By TANYA EISERER / The Dallas Morning News
An animal control officer has been pulled off the streets after Dallas city officials concluded he acted inappropriately when he tried to force a dog with shattered legs to stand up and walk, and then dragged it to an animal control vehicle.
The Labrador retriever mix was euthanized a short time later at a city facility.
Charles Jackson, who has worked as an animal control officer for about four years, could face disciplinary action over Tuesday afternoon's incident, which has outraged animal rescue advocates. Jackson could not be reached for comment.
"I'm very saddened that a dog should have to go through that right before he's euthanized," said Judi Burnett, an animal rescue advocate with Companions for Life.
Dallas police Senior Cpl. Joshua Merkel documented what happened about 12:30 p.m. after he and another officer were called to a report of an injured dog on Interstate 30 near Grand Avenue.
The officers found the dog with shattered rear legs and internal bleeding, his report stated. Jackson and another animal control officer were sent to the scene.
"The animal control officer muzzled the injured dog and attempted to get (the) dog to stand and walk to (the) animal control vehicle," Merkel wrote. "The dog whimpered in pain ... at which time the animal control officer began dragging the injured dog to the animal control vehicle and picking it up by grabbing the dog's rear fur. The dog again whimpered and the animal control officer dropped the dog."
Seeing that the animal control officer was causing the 55-pound tan-colored dog "unnecessary pain," Merkel intervened and helped place the injured dog into the animal control vehicle, the report said.
Merkel's supervisors instructed him not to talk to the media.
"It was inappropriate to have used the catch pole in this incident because the animal was wounded and could not walk," said Joey Zapata, director of the code compliance division, which includes animal services.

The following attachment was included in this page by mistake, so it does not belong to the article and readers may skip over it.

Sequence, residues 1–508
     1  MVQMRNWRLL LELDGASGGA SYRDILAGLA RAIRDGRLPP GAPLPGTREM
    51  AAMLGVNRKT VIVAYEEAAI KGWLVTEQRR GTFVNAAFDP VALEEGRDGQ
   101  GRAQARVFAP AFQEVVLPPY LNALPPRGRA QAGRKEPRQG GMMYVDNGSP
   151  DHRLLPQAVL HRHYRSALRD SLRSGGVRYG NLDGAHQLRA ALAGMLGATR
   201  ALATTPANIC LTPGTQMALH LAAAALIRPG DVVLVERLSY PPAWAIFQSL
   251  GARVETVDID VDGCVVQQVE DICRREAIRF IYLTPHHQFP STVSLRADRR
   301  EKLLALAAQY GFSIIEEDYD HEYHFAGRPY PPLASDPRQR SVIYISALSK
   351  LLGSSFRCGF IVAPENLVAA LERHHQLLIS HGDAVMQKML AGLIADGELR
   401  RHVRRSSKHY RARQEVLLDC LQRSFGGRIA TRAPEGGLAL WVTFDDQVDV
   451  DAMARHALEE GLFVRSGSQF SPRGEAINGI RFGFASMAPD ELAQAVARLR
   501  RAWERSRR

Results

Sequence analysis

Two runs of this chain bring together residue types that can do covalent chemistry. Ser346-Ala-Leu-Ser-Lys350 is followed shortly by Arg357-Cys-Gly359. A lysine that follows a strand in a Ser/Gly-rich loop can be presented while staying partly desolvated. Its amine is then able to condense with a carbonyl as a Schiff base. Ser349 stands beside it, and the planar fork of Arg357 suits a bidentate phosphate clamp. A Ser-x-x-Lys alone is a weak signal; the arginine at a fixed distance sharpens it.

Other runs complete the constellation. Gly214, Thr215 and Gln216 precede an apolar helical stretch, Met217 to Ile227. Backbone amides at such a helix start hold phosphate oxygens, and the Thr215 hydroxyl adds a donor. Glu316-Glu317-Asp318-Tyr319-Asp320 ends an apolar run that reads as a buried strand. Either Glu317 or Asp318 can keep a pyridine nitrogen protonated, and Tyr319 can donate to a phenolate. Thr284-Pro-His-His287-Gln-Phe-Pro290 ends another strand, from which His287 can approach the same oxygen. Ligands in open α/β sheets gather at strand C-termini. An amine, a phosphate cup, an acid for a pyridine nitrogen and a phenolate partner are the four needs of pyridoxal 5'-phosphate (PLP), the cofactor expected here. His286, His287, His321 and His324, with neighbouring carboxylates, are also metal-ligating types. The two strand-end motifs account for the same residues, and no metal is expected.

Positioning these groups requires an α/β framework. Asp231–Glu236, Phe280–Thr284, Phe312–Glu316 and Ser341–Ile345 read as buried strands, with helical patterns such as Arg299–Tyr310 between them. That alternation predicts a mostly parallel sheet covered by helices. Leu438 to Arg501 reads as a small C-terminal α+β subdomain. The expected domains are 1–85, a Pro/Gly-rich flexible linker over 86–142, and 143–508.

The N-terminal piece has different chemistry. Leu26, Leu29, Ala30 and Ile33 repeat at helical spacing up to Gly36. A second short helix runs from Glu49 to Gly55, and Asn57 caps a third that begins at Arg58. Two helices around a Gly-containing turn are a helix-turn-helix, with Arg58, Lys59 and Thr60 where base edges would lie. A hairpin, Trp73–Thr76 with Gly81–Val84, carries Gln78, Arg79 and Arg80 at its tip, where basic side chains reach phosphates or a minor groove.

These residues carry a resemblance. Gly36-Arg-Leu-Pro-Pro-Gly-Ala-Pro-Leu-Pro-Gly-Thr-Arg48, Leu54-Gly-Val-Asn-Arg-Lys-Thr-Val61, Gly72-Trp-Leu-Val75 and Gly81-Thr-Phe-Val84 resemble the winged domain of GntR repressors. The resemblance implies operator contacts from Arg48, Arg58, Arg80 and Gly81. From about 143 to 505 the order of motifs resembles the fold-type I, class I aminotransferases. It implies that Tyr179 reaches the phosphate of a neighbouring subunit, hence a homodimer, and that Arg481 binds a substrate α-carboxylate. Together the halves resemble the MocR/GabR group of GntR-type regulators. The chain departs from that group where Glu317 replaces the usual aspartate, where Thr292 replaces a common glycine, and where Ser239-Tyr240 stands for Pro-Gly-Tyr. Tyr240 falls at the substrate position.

The incident marked the latest controversy to buffet the troubled Dallas animal services department, which only weeks ago saw shelter manager Tyrone McGill indicted on charges of felony animal cruelty after authorities said he ignored the plaintive crying of a cat trapped in a wall at the shelter until it starved to death. He remains on administrative leave.
A short time later, the department's highest-ranking manager, Kent Robertson, resigned, citing impending city layoffs.
Another animal control employee, Donnie Jones, is also on administrative leave over a separate incident where a cat was injured after Jones used a catch pole on it in late August. The devices are not supposed to be used on cats.
Jones had been previously counseled after he left two severely burned dogs in kennels rather than notifying someone in 2009.
"We have a terrible situation over there," said Elaine Munch, president of the Metroplex Animal Coalition, a coalition of 52 animal rescue groups in the Dallas area. "The ship is rudderless at Dallas animal services."
Zapata said he and his staff take the concerns of animal rescue advocates seriously.
"That's why in every instance we are taking appropriate action, including putting employees on administrative leave, conducting full investigations and cooperating with any criminal investigations," Zapata said. "At the same time, we are taking steps to make sure that we have a good management structure at the shelter."
Zapata said the department's procedures do not speak to exactly how an injured animal should be handled, but do state that animal control officers should transport the animal to veterinary treatment as quickly as possible. He said animal control officers do not routinely carry tranquilizer drugs in the field.
The dog in Tuesday's incident was microchipped, indicating that it was someone's pet, he said. The department will attempt to contact the owner to let him know of the dog's death, Zapata said.
"The police officer did the right thing," he said. "We need to have that kind of feedback whenever something is handled inappropriately."